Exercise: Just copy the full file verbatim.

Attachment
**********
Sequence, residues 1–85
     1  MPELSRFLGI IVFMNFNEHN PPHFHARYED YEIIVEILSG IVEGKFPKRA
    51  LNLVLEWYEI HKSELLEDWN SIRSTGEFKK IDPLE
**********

Sequence, residues 1–85
     1  MPELSRFLGI IVFMNFNEHN PPHFHARYED YEIIVEILSG IVEGKFPKRA
    51  LNLVLEWYEI HKSELLEDWN SIRSTGEFKK IDPLE